import com.friendsofed.recipeviewer.UnitConverter;
Now,create a new class called
ConverterTest
;for this example,I’ll show how to create it in the
com.friendsofed.unittests
package.If you choose to do this,make sure to put the class in an
appropriate directory structure.This class should extend the
TestCase
class.The
TestCase
class takes
a string in the constructor that represents the name of the method to test,so also create a construc-
tor in your class that calls that.
class com.friendsofed.unittests.ConverterTest extends TestCase
{
public function ConverterTest(testMethod:String)
{
super(testMethod);
}
Next,create a method to test the
poundsToOunces
method.AsUnit automatically looks for methods
that begin with the word
test
as valid tests to run.Let’s call this method
testPoundsToOunces
:
public function testPoundsToOunces():Void
{
Inside this method is where the real testing begins.The
TestCase
class defines a series of “assert”
methods to make testing easy.These include the following:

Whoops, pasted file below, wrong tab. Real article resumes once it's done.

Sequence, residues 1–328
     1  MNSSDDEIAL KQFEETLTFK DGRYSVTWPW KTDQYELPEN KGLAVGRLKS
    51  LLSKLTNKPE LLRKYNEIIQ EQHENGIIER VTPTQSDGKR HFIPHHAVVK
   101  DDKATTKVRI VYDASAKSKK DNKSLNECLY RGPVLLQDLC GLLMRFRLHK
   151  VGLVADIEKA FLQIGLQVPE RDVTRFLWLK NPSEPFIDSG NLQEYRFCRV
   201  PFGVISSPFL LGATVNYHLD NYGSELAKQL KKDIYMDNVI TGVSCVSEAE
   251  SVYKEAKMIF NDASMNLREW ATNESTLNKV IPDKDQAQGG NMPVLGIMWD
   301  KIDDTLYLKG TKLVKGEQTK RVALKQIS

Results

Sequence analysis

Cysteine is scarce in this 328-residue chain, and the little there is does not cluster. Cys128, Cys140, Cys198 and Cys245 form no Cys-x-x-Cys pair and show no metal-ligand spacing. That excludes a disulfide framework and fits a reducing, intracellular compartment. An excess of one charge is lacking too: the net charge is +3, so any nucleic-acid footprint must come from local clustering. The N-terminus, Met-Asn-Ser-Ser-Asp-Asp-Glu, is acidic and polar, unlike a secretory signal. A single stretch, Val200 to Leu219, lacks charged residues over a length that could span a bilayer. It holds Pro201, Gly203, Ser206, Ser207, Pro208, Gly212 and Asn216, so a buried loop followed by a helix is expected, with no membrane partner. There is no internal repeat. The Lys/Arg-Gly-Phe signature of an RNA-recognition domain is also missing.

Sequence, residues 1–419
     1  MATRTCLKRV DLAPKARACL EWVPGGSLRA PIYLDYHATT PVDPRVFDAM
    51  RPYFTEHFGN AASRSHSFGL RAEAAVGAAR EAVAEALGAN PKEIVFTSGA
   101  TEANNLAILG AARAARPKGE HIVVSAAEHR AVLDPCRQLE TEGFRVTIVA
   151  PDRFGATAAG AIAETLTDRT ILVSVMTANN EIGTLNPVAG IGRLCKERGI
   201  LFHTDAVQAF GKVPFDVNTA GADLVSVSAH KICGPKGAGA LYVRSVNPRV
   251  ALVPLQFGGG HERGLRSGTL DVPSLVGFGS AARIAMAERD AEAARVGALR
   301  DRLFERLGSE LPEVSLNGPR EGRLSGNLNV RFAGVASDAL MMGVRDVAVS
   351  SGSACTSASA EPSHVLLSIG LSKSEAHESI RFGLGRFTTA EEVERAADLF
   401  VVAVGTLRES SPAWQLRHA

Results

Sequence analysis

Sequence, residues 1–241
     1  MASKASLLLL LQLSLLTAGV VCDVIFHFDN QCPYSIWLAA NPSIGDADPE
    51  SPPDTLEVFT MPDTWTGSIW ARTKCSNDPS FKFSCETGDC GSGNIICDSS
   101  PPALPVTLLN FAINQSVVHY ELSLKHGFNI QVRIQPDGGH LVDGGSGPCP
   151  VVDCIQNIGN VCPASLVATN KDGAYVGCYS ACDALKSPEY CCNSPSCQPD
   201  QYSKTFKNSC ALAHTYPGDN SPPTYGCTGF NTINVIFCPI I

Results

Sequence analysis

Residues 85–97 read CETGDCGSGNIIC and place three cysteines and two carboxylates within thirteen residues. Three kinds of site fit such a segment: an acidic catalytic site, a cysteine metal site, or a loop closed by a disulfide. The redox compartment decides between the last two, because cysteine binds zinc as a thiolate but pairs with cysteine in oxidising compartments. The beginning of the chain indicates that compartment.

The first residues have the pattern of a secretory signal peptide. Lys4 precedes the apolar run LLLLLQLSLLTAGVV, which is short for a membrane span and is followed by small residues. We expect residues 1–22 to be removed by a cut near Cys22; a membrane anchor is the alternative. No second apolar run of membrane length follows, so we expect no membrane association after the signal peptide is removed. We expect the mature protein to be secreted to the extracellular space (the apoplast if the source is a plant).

107
TESTING AND DEBUGGING
09935ch05.qxd 6/19/08 10:24 AM Page 107
assertEquals
:Tests whether two objects are equal
assertSame
:Tests whether two objects are the same object
assertNull
:Tests whether a value is null
assertNotNull
:Tests whether a value is not null
assertUndefined
:Tests whether a value is undefined
assertNotUndefined
:Tests whether a value is not undefined
assertTrue
:Tests whether a value is true
assertFalse
:Tests whether a value is false
The first parameter to all of these methods is a message to be displayed if the test fails.Then
assertEquals
and
assertSame
take two parameters;the others take a single parameter.When the
method is run,it evaluates its parameters,decides whether the test passes or fails,and reports on any
failures.For example,a call to
assertTrue("This will always fail",false);
will always cause the
message “This will always fail” to be displayed when the test is run because its second parameter is not
true.A call to
assetEquals("These aren't equal",a,b)
will cause the message “These aren’t
equal” to appear depending on whether the variables
a
and
b